Rural Health Minister Fiona Nash has announced a new partnership of preventative health groups, food industry bodies and government to cooperatively tackle obesity and encourage healthy eating.
Minister Nash, Minister responsible for food policy, will chair the new Healthy Food Partnership.
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The Partnership will have its first meeting on November 13 in Canberra. Attendees will include the Public Health Association, the Heart Foundation, the Australian Food and Grocery Council representing packaged food companies and the quick service restaurants, Woolworths, Metcash (owner of IGA), Coles; the Dieticians Association of Australia, AusVeg, which represents 9000 vegetable growers, Dairy Australia and Meat and Livestock Australia.
“Governments can’t force-feed healthy food to people,” Minister Nash said.
“We can however educate them to make their own healthy choices and take responsibility for what they eat. Australians under-consume fresh fruit and vegetables and this presents a dual opportunity – increasing consumption of fresh produce would benefit both consumer health and Australian farmers.
“The Healthy Food Partnership will work together on strategies to educate consumers on consuming fresh produce, appropriate portion sizes, and to accelerate efforts to reformulate food to make it healthier.
“It is only through cooperation and collaboration that we can achieve real results.
“We know the evidence is that those people who eat big portions tend to be overweight, and obesity is an issue which requires our attention.
“We will work with the food industry and preventative health organisations to create real plans to educate consumers on fresh produce and appropriate portion sizes.”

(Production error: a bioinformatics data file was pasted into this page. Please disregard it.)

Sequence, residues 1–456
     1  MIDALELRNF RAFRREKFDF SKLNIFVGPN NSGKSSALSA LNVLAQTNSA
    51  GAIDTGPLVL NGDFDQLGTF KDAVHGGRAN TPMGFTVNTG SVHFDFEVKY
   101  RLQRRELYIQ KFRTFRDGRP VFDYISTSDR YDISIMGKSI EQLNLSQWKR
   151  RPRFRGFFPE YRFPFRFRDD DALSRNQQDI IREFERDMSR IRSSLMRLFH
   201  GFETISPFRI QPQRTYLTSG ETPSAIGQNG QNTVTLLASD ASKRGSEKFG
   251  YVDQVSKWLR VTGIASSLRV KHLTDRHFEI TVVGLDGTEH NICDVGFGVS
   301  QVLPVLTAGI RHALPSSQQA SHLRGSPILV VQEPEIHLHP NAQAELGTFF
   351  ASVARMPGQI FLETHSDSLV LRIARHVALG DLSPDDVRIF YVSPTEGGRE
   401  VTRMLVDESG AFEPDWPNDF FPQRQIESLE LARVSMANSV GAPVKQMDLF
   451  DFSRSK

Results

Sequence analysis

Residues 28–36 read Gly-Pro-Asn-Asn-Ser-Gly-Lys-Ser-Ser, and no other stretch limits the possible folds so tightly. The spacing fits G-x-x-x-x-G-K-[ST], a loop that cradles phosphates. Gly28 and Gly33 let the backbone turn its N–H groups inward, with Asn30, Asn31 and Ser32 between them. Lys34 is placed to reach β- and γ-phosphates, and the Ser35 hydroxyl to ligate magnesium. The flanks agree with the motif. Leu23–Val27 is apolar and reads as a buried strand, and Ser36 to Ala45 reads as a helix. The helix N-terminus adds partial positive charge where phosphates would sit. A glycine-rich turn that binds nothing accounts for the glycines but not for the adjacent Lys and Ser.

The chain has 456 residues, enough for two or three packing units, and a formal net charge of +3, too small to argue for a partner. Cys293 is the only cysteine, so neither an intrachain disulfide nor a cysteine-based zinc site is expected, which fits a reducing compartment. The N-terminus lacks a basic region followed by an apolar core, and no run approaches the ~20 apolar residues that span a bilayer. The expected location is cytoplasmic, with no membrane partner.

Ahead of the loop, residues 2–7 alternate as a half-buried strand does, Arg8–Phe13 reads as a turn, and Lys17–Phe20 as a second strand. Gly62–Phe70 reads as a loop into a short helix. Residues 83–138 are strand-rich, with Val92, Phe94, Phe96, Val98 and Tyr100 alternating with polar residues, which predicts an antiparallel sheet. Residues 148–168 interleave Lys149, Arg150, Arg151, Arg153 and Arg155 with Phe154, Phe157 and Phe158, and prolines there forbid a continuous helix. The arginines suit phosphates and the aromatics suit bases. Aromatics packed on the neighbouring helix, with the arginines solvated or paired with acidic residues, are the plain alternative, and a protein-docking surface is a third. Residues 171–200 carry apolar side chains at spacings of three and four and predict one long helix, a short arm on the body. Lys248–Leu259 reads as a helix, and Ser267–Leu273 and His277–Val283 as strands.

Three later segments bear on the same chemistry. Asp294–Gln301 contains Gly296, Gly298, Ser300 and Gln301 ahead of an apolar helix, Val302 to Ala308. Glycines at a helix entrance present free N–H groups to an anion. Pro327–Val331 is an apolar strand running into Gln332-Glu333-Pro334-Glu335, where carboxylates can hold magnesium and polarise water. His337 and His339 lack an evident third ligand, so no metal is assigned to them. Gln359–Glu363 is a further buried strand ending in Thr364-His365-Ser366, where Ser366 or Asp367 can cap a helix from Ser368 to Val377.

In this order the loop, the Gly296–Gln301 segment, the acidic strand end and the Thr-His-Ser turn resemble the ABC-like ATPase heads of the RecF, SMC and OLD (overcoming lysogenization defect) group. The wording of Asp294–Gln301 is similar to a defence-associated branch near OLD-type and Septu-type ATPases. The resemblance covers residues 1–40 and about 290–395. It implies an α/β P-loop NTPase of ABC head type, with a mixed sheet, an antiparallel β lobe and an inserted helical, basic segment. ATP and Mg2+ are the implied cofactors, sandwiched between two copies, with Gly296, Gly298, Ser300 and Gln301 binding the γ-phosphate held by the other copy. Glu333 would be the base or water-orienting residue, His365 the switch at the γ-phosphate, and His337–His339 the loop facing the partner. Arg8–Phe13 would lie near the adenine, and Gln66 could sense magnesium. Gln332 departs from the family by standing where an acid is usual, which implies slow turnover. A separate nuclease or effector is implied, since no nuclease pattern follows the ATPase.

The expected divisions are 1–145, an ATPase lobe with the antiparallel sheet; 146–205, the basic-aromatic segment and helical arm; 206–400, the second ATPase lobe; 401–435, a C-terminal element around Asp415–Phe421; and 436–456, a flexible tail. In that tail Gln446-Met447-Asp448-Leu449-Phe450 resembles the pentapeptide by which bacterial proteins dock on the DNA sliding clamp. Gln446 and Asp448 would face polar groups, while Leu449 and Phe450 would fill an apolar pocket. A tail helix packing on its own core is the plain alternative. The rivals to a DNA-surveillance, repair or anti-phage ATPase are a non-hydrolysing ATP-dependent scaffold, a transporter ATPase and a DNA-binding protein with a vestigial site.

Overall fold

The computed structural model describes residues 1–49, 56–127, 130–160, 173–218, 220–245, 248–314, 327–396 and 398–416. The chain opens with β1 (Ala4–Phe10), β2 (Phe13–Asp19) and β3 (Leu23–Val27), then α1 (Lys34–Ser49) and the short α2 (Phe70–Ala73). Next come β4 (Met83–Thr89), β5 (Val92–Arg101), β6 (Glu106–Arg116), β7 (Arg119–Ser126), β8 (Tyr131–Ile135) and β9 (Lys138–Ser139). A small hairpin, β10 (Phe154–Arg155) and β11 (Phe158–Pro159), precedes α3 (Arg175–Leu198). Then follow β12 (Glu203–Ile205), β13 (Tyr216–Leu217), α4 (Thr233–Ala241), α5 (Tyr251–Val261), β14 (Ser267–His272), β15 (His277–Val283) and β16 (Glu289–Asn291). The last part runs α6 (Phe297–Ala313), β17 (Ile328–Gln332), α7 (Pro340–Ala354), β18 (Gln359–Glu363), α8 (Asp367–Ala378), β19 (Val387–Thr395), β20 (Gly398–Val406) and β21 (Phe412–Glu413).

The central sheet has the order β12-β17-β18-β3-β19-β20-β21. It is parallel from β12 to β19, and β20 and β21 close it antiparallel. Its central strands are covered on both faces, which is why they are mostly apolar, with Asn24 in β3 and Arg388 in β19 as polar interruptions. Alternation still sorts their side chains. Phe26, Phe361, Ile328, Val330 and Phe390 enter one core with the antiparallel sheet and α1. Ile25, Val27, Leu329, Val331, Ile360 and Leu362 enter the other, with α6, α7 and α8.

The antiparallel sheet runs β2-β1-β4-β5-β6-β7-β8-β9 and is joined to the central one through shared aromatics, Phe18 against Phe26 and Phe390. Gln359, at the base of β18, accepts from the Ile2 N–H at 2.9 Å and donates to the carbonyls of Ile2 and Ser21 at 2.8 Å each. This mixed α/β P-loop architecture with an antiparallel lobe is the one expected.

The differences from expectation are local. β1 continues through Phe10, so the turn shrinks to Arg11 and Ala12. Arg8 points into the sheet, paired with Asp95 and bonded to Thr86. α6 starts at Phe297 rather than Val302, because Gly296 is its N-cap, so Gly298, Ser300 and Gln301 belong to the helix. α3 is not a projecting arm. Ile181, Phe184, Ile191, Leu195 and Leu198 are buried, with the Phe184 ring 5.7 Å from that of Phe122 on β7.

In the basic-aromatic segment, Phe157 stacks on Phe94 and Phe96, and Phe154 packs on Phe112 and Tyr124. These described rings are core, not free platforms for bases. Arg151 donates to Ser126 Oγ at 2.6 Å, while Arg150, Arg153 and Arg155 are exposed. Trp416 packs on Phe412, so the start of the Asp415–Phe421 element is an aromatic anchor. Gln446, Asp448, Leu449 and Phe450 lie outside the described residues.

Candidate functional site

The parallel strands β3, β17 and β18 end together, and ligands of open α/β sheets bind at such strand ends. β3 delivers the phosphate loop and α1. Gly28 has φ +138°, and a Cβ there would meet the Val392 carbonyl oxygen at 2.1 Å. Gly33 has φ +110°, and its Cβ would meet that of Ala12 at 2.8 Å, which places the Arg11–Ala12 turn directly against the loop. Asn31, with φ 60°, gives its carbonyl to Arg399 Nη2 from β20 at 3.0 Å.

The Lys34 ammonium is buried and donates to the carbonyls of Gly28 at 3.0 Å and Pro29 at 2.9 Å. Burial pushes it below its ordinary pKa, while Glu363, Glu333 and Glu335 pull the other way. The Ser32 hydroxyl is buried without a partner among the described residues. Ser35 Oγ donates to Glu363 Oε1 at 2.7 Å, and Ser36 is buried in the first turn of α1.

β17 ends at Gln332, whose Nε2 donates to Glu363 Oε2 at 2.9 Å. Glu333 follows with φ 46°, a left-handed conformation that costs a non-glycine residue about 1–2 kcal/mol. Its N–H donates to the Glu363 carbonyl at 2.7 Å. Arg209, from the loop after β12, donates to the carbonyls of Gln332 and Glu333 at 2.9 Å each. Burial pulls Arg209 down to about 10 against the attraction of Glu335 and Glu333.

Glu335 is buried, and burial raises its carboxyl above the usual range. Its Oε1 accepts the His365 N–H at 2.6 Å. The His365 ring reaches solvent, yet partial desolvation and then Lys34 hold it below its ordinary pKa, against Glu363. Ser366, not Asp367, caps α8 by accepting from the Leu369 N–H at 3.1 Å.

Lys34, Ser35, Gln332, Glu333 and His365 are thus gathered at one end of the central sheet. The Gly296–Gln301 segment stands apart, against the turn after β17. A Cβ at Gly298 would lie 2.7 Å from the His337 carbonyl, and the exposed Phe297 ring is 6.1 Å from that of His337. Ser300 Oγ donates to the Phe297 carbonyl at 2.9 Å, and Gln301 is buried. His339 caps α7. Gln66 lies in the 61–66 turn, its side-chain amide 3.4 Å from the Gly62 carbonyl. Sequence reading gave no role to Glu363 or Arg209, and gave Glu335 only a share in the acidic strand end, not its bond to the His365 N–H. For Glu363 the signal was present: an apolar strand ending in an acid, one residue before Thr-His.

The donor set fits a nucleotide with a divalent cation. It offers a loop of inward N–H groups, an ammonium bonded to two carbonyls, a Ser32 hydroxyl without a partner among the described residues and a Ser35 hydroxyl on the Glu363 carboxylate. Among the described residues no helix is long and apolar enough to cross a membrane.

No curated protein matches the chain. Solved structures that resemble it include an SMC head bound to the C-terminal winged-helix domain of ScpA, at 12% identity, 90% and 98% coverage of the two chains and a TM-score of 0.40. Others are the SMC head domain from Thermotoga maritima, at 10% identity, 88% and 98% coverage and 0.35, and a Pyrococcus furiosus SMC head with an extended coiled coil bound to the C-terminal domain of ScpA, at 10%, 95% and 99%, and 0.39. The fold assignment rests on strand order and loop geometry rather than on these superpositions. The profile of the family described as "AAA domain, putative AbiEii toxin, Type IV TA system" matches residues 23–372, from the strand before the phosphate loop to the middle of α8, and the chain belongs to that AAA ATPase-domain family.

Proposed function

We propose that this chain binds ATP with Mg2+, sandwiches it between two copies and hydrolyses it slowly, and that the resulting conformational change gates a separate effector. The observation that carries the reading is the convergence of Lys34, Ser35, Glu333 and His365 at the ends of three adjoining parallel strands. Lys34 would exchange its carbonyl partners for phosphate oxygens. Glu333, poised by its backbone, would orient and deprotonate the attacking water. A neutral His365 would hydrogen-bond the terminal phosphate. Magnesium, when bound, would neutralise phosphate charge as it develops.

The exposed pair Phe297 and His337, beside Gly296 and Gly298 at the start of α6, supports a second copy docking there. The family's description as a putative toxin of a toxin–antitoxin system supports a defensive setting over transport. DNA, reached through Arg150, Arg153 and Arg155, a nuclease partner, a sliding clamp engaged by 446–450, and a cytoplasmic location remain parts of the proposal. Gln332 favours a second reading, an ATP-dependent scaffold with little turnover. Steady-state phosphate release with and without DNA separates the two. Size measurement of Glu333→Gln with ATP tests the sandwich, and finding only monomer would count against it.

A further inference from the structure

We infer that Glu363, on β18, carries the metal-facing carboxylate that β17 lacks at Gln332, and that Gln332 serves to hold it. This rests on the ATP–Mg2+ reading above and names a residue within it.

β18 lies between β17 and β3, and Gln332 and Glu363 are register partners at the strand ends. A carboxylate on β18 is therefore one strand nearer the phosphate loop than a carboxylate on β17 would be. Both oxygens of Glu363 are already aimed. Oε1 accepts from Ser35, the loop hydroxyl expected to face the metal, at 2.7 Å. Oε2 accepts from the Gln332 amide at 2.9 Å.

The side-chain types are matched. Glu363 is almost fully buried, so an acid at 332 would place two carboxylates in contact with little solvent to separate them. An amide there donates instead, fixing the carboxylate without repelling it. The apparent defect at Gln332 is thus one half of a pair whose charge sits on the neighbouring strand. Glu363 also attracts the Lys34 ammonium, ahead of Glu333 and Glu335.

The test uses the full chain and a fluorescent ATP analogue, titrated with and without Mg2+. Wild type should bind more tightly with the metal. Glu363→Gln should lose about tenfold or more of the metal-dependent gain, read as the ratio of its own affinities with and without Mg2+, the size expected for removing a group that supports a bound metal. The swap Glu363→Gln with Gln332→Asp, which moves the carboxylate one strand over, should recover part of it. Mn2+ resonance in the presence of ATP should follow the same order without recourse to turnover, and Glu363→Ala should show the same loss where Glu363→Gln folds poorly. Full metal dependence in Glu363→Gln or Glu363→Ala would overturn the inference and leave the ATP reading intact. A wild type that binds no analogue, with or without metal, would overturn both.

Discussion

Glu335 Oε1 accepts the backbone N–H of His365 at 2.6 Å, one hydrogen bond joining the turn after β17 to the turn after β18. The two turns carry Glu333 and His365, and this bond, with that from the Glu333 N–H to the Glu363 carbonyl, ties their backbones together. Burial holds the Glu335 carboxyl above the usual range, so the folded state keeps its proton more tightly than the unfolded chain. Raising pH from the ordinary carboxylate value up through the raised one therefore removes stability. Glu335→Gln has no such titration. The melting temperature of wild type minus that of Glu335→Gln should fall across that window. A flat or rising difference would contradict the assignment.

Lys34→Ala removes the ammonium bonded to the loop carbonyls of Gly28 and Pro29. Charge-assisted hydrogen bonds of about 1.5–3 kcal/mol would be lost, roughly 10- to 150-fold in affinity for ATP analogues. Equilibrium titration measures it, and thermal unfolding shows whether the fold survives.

The Public Health Association, the Australian Food and Grocery Council, the Heart Foundation and AusVeg all welcomed the Partnership.
Public Health Association CEO Michael Moore said:
“With diet related disease becoming such a significant issue in Australia, we have to do all we can to counter the problems. The Healthy Food Partnership is certainly one way forward. I’m very pleased to be part of it.”
Australian Food and Grocery Council CEO Gary Dawson said:
“The Government is to be congratulated for successfully bringing together food producers, processors, retailers and public health groups with the common goal of improving the diet of all Australians. Australia’s $118 billion food and grocery industry transforms farm produce into food and the essentials of life for every consumer every day, and has played a lead role in reformulation, better information and choice for consumers seeking healthier options.”
National CEO of the Heart Foundation Mary Barry said:
“Food reformulation works by reducing salt, saturated fat and sugar in packaged food and is one of the most cost-effective public health measures available. This type of model is being used worldwide to prevent premature death from diseases such as heart disease, stroke, diabetes and some cancers. We applaud the Government for getting this important initiative up and running.”
AusVeg CEO Richard Mulcahy said:
“We know Australians need to consume more fresh fruit and vegetables. Increasing consumption could benefit both consumers and farmers.”
Minister Nash said the Coalition Government had a proven track record on food issues.
“I know the importance of eating fresh vegetables, fruit, whole grains, dairy and meat as part of a balanced diet.
“The Partnership will complement the successful Health Star Rating system which now covers 1,500 products on supermarket shelves. Industry is actively making their products healthier to receive better Health Star ratings – both Nestle and Kellogg’s have done so in the past month. Furthermore, independent research has found the HSR system is becoming more widely recognised and used.
“The Partnership will further build upon the Government’s current efforts to encourage people to get active through the Sporting Schools Initiative, a $100 million programme to encourage students to take up sport.”
The Coalition Government will continue its collaborative approach to achieve greater health outcomes in food policy.